“Everyone in this room knows for decades there were assumptions about New York City,” he added. “There was an assumption that tenants were always going to be put at a disadvantage versus landlords and that the government was not gonna be on the tenants’ side. There was an assumption that there were gonna be tensions between police and community and nothing was going to change.… For the last three years, we’ve upended a lot of that status quo.”
De Blasio isn’t wrong. For two decades, Republicans Rudy Giuliani and Michael Bloomberg ran New York, proudly catering to the city’s wealthiest residents and the ever-expanding police state. Giuliani never missed an opportunity to fan the flames of white resentment. And for all the good Bloomberg did, the billionaire had no interest in protecting the working class and poor being driven out of a metropolis rapidly devolving into a luxury product for well-heeled foreigners to enjoy in their downtime.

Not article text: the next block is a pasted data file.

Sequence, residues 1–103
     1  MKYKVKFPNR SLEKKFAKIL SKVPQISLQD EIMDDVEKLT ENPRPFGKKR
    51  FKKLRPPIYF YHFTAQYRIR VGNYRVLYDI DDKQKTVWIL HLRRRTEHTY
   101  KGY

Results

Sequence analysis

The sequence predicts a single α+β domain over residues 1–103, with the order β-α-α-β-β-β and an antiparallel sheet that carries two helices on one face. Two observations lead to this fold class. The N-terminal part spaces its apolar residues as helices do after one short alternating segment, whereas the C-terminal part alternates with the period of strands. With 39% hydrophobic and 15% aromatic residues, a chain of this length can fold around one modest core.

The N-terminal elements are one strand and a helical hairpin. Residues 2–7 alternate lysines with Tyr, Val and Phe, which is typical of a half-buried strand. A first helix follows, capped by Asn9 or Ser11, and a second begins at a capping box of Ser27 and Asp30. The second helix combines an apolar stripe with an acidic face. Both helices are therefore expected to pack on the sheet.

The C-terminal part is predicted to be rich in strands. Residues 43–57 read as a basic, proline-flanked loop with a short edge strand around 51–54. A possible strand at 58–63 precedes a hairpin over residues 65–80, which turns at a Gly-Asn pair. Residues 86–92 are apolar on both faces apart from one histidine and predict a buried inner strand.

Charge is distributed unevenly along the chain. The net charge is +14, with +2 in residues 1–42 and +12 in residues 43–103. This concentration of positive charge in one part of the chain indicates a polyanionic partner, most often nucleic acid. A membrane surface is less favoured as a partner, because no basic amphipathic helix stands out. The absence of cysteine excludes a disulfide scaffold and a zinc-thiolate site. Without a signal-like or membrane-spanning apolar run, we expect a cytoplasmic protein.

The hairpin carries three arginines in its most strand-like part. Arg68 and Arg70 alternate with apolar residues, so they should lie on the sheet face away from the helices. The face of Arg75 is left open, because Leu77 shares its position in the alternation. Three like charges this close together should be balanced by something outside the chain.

One of the quirks of the last half century has been the relative paucity of outwardly leftist mayors in a city that has fancied itself at the vanguard of progressive thought. Other than John Lindsay, who tried to be a mayor for African Americans at a time when that was politically inexpedient to do, New York’s mayors since 1965 have been a mix of moderate Democrats and Republicans, all shunning overtly liberal thought. Abe Beame was a machine hack. Ed Koch built a lot of affordable housing while letting New Yorkers die of AIDS and repeatedly antagonizing people of color. David Dinkins, the first and only black mayor, was too timid.
By introducing a universal prekindergarten program and caring more about building affordable housing than Bloomberg ever did, de Blasio can declare himself the progressive New York Democrats always deserved after decades of living in a wilderness of Giuliani wildfires and Bloomberg oligarchy.